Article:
Daniel M. Knight writes that the Greek crisis has become a metaphor which many commentators use as a ‘shock tactic’ to press agendas of reform or austerity across Europe. This rhetoric simplifies the effects and intricacies of the crisis on the ground in Greece and ignores its relationship with past crises in Greek history.
The Greek crisis has come to epitomise governmental mismanagement, unregulated markets, corruption, and capitalist intemperance. In northern Europe, blame is attributed squarely to Greek citizens and their government, with layers of rhetoric constructed and disseminated globally as part of the management and manipulation of the crisis. Enduring and iconic verbal and visual imageries are constructed around this critical event. The metaphor of the Greek economic crisis has been employed in Europe as a threat of dispossession and failure if sociopolitical reform is avoided, with panic and fear being spread through uncontextualised claims which stimulate the public’s interest. This contradicts the commonplace disenchantment with public politics now widespread in modern democracies.
On an international level, the messages emanating from Greece of protests, rioting, and strikes have been at the forefront of media reports for nearly four years. Unexpected and seemingly endless claims made on the funds of already hard-pressed countries for the bailouts of Ireland, Portugal, and Greece through the International Monetary Fund and the European Union have placed this issue foremost on the agenda of each European Union nation and also of the United States. Fear of contagion spreading to other poorly rated countries and a domino effect of sovereign insolvencies with banks heavily exposed to Greece have recently inflated the situation of macropolitical instability even further. The “Greek crisis” has now become a political trope, a persuasive “story seed” deployed by national governments drawing on a rich pool of metaphors and narratives to shock national populations.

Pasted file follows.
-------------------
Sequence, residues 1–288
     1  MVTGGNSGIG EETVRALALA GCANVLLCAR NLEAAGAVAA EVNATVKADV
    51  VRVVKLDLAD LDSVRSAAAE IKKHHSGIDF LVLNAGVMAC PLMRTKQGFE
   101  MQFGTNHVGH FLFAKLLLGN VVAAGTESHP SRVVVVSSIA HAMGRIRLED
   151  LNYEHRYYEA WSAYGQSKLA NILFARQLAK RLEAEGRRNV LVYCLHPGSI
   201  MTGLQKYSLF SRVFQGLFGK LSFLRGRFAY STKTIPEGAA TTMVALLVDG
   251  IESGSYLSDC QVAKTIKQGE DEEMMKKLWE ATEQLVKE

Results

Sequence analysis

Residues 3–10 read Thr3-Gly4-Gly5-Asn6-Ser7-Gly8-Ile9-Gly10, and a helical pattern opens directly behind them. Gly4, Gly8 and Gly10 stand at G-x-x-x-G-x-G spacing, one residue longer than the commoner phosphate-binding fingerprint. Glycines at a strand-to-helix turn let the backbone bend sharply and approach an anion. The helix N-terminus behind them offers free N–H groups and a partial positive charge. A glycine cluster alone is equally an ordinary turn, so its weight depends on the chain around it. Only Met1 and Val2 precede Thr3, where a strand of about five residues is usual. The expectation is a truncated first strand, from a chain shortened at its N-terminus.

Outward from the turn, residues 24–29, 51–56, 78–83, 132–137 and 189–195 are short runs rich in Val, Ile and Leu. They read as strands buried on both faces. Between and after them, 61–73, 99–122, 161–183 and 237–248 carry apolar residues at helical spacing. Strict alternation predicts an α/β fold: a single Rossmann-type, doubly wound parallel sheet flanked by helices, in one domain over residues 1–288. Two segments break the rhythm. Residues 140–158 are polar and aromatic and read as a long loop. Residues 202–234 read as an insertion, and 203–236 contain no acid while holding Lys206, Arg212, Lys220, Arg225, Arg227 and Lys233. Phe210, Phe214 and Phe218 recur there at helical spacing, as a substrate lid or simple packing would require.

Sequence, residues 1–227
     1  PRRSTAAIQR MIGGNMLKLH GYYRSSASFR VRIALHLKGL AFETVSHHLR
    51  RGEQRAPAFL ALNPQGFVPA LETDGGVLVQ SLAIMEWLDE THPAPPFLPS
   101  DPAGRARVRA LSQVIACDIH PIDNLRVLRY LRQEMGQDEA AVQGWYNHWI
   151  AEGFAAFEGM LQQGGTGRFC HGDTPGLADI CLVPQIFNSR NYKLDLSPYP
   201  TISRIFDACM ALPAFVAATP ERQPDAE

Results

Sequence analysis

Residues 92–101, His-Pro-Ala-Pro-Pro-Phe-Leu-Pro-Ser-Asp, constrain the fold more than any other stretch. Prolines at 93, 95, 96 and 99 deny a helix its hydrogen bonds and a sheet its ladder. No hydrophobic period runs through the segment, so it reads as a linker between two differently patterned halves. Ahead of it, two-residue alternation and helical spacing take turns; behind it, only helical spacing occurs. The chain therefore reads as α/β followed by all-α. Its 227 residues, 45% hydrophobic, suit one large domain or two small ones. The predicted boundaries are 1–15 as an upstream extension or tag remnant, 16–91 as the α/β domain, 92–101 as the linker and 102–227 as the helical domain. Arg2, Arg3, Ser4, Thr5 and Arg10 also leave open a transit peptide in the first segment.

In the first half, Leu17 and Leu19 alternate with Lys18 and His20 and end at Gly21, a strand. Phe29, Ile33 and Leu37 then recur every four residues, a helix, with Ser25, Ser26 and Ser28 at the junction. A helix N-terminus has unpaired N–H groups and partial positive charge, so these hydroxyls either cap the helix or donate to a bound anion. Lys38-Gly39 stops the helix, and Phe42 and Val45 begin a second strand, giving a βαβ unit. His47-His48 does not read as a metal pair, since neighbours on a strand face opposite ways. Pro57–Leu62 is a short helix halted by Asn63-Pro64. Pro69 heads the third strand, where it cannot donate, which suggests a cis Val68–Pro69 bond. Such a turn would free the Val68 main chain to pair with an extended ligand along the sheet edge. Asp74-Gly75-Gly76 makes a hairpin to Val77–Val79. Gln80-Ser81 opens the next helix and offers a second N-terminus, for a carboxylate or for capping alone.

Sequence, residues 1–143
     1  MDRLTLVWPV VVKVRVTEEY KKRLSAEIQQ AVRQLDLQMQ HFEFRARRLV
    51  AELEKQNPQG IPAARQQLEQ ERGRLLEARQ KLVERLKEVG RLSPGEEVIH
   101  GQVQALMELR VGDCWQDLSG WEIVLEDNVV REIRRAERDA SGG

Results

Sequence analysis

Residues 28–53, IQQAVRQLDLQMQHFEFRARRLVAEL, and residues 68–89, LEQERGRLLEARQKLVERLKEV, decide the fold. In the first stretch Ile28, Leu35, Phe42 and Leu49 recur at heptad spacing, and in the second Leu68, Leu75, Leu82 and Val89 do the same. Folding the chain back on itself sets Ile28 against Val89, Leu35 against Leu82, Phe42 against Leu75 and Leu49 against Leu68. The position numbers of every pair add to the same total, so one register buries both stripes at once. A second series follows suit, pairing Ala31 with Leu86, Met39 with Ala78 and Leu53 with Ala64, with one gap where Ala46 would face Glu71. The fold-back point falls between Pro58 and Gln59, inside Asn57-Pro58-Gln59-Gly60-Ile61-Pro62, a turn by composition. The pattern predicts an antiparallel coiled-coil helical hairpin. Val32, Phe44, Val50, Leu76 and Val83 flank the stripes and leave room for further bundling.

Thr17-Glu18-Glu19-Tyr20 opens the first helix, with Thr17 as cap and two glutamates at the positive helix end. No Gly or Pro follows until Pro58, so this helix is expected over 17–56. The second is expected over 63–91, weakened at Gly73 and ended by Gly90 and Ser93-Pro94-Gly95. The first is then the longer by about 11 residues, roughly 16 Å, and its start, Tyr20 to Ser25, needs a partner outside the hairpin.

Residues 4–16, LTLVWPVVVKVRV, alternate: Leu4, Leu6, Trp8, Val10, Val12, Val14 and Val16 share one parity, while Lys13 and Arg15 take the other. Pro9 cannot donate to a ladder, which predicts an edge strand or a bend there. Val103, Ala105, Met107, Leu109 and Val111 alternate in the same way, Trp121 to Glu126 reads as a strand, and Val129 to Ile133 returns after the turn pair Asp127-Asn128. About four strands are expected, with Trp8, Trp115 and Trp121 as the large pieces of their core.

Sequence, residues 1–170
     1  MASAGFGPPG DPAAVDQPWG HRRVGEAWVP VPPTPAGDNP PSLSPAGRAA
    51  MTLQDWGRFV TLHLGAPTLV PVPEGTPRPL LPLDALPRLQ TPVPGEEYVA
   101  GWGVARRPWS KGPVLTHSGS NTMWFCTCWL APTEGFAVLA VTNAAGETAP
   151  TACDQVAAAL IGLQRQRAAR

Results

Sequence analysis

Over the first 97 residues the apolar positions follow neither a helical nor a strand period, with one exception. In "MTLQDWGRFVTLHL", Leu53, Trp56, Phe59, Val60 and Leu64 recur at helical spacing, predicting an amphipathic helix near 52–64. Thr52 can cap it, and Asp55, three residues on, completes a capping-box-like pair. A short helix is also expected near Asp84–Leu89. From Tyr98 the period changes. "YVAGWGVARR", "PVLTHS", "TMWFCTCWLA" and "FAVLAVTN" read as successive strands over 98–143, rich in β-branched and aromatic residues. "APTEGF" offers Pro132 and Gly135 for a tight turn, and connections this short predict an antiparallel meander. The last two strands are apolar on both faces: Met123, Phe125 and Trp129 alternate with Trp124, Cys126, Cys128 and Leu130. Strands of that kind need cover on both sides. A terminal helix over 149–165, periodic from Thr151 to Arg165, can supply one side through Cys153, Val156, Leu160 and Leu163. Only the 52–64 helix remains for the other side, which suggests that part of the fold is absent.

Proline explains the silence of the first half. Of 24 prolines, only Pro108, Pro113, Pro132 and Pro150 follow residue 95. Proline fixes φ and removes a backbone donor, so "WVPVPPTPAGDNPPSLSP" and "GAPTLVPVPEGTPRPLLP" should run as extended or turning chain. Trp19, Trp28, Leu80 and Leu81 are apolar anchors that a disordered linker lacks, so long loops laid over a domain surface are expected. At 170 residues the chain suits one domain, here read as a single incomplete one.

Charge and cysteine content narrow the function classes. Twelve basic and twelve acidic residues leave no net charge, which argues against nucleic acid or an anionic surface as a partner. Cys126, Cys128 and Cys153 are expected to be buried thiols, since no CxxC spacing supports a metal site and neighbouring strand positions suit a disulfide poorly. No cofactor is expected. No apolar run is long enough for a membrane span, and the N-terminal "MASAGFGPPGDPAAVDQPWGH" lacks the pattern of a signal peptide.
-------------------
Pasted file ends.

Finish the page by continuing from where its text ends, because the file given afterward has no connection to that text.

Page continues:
Greek national identity is now defined by a perceived set of universal political and economic circumstances – in this case, crisis. The reality on the ground is not as one-dimensional as that portrayed through international media and political rhetoric. The crisis has been linked to the past, as contemporary social turmoil is placed alongside previous crises such as the Great Famine of 1941 to 1943, periods of occupation under Ottoman and German rule, and the late 1990s stock market crash. Some Greeks may claim that they are reliving the era of starvation enforced during World War II, and that land worked by one family for over five hundred years has been claimed by opportunistic foreign investment companies in a form of “occupation” (most evident in the recent photovoltaic program). Nevertheless, the images circulated internationally claim an objective critique of a monolithic event – the Greek crisis – which disguises the intricacy of current local circumstances.
The Greek crisis is now employed as a trope in the political theaters of Europe as a shock tactic to justify sociopolitical change. The notion of a fresh start in order to avoid economic disaster (“on the scale of Greece”) is promoted to serve many purposes. Caricatures of inept politicians leading the nation down a path to Greek tragedy are a common thread in accountability narratives particularly propagated by the European right on various international stages. The metaphor of the Greek crisis is used to help people persuade themselves of the need for change. Through inciting fear based on the rhetoric of crisis and insecurity, many neo-national political aspirations are also achieved.
The trope of the Greek crisis is especially prominent in election contexts, when blame can for a time be successfully located away from recent incumbent governments. Coming to power in October 2009, former Greek prime minister Giorgos Papandreou (PASOK) blamed the falsification of deficit statistics on the previous New Democracy government of Konstantinos Karamanlis (2004–2009). Papandreou claimed to have uncovered the “true” deficit of 13.6 per cent when taking office; it had been estimated at 1.8 per cent the previous year. The majority of Greeks initially accepted the news with the resignation that greets all exposures of corruption, for it is common knowledge that elements of the government “eat money” (trone lefta).